While President Barack Obama’s State of the Union address Tuesday evening centered on building a strong middle class—including raising the minimum wage—he addressed a range of issues including gun control, immigration, the economy, comprehensive tax reform and the looming sequestration cuts.
Obama told members of Congress that the nation expects lawmakers “to put the nation’s interests before party. They do expect us to forge reasonable compromise where we can.”
To that end, Obama continued, “Our work must begin by making some basic decisions about our budget—decisions that will have a huge impact on the strength of our recovery.”
Over the last few years, he said, “both parties have worked together to reduce the deficit by more than $2.5 trillion—mostly through spending cuts, but also by raising tax rates on the wealthiest 1% of Americans. As a result, we are more than halfway toward the goal of $4 trillion in deficit reduction that economists say we need to stabilize our finances.”
Obama went on to lay out his plan for further reducing the deficit, stating that his “additional proposals … are fully paid for and fully consistent with the budget framework both parties agreed to just 18 months ago. Let me repeat—nothing I’m proposing tonight should increase our deficit by a single dime. It’s not a bigger government we need, but a smarter government that sets priorities and invests in broad-based growth.”
Broad-based economic growth “requires a balanced approach to deficit reduction, with spending cuts and revenue, and with everybody doing their fair share. And that’s the approach I offer tonight,” Obama said.
Obama said his deficit reduction plan was two-pronged: enact reforms to Medicare that will achieve the same amount of health care savings as reforms proposed by the Simpson-Bowles Commission, and “getting rid of loopholes and deductions for the well-off and the well-connected.”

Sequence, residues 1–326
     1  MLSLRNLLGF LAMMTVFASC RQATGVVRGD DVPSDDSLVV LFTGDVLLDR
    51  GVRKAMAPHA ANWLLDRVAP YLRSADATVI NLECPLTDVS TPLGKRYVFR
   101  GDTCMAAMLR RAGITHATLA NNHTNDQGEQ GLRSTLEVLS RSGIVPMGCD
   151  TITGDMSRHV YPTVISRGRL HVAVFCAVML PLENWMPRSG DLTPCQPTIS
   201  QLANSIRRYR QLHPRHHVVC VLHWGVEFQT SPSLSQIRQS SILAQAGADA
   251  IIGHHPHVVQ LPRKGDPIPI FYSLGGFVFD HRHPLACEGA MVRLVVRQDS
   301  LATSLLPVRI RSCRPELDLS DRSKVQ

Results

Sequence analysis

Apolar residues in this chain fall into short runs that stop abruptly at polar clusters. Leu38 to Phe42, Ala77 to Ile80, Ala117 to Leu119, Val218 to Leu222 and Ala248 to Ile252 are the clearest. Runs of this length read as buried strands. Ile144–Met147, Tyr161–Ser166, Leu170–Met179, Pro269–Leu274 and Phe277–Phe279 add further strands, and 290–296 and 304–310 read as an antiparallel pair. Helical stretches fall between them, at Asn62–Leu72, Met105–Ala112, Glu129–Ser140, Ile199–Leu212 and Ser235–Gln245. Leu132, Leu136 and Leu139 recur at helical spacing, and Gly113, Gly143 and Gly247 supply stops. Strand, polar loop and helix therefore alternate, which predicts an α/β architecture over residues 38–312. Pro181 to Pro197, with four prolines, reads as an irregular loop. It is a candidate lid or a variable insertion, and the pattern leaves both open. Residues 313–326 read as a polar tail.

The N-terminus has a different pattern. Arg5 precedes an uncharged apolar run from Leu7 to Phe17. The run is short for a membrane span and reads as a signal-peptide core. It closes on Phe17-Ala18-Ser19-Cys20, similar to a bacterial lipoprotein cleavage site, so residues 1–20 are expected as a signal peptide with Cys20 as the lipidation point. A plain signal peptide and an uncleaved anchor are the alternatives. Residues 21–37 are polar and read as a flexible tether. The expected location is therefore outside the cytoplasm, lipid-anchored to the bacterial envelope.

After all, Obama said, “why would we choose to make deeper cuts to education and Medicare just to protect special-interest tax breaks? How is that fair? Why is it that deficit reduction is a big emergency justifying making cuts in Social Security benefits but not closing some loopholes? How does that promote growth?”
Now, Obama said, “is our best chance for bipartisan, comprehensive tax reform that encourages job creation and helps bring down the deficit.”
To that end, Senate Majority Leader Harry Reid, D-Nev., said in a statement after Obama’s speech that “Later this week, Democrats will introduce a plan to temporarily replace the sequester with the balanced approach the American people want.” So far, he said, “Republicans have shown that they would rather cut Medicare, education and cancer research than close a single tax loophole, or ask millionaires to contribute.”
But Sen. Orrin Hatch, R-Utah, Ranking Member of the Senate Finance Committee, said Obama’s speech was a “missed opportunity…to bring both parties together to outline a reasonable path forward to create jobs and grow our economy, reform government and cut our nearly $16.5 trillion debt.”
Instead, Hatch said, “what we heard was rhetoric that seemed more about appeasing the president’s liberal allies and less about actually solving the pressing issues facing our country. With unemployment hovering around 8% for the longest time in recent memory, it’s time we come together on policies that will create jobs and expand our economy.”
More calls for tax hikes, Hatch continued, and for “increased government spending, and more campaign rhetoric are not solutions to move our country forward. The sooner the president realizes this, the sooner our country can once again become the country we know it can be.”